States that have set their own minimum wage rates that are higher than the federal minimum are considered to be in compliance with federal law. Conversely, states that have a minimum wage rate that is lower than the federal minimum are not in compliance with federal law.

There are a number of factors that can affect whether or not a state is in compliance with federal minimum wage laws. These factors include the type of business, the number of employees, and the amount of the minimum wage.

Businesses that are considered to be small businesses are typically given a certain amount of leeway when it comes to compliance with federal minimum wage laws. This is because small businesses often have a difficult time affording to pay their employees the federal minimum wage rate.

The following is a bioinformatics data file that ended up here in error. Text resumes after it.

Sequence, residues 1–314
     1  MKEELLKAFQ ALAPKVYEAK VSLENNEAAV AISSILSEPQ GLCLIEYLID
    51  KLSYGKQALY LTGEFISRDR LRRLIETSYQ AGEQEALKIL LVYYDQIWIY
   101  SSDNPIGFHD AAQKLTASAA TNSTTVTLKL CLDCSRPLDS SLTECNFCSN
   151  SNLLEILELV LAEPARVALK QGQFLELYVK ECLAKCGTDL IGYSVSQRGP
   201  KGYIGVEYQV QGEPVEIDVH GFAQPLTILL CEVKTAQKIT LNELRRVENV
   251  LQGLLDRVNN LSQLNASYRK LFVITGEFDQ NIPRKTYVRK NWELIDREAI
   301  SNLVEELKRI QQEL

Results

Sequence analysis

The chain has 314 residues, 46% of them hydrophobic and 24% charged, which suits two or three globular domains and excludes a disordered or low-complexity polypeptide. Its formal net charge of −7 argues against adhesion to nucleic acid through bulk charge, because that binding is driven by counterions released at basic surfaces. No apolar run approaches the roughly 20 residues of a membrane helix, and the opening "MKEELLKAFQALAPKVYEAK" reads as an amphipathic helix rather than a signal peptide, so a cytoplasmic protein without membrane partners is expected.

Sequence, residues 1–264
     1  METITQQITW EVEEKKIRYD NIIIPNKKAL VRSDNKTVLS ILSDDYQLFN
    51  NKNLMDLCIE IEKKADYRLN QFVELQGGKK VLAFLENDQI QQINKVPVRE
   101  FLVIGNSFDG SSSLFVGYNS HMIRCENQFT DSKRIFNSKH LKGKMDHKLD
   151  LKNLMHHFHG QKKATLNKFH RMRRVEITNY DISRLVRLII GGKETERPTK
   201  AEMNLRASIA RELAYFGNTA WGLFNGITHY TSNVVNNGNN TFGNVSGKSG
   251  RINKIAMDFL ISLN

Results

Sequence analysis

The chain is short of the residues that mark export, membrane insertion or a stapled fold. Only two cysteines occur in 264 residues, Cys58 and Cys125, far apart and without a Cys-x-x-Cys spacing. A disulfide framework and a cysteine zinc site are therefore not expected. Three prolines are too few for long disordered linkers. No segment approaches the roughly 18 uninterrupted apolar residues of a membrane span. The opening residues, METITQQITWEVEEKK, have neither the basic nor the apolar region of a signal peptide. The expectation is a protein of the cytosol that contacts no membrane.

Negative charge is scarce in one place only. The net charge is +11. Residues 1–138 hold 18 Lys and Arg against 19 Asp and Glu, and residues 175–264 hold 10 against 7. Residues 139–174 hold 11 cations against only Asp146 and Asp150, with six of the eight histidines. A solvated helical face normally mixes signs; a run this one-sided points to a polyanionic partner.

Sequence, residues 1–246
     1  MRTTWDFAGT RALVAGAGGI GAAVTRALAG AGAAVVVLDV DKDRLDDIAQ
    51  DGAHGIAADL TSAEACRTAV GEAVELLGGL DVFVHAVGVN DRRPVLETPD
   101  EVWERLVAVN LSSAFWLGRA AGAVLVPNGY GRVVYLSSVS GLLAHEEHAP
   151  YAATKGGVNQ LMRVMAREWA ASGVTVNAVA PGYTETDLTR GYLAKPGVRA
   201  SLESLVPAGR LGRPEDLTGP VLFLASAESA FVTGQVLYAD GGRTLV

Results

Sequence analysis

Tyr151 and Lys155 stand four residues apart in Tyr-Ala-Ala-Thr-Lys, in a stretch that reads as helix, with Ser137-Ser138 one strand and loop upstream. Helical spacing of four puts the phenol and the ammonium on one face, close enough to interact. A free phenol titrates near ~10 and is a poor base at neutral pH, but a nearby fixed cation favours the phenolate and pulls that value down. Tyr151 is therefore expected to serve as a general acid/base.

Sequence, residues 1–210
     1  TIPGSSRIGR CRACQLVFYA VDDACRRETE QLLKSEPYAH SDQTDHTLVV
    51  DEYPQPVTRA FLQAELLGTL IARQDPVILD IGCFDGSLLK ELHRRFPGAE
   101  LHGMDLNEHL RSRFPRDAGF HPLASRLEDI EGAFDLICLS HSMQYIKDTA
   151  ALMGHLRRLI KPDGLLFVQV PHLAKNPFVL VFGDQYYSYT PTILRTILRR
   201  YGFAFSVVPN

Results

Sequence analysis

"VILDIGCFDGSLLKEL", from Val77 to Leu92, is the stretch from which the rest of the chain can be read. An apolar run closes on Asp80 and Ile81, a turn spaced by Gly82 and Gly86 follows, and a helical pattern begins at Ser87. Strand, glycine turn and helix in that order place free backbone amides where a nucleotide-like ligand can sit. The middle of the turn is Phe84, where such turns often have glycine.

In contrast, businesses that have a large number of employees are typically expected to comply with federal minimum wage laws. This is because large businesses are in a better position to afford to pay their employees the federal minimum wage.

The amount of the minimum wage can also affect compliance with federal law. In some cases, states will set their own minimum wage rate that is higher than the federal minimum. However, in other cases, states will set their own minimum wage rate that is lower than the federal minimum.

States that set their own minimum wage rate that is lower than the federal minimum are not in compliance with federal law. Conversely, states that set their own minimum wage rate that is higher than the federal minimum are in compliance with federal law.

It is important to note that there are a number of states that do not have their own minimum wage rate. These states are in compliance with the federal minimum wage rate of $7.25 per hour.

So, do states comply with federal minimum wage?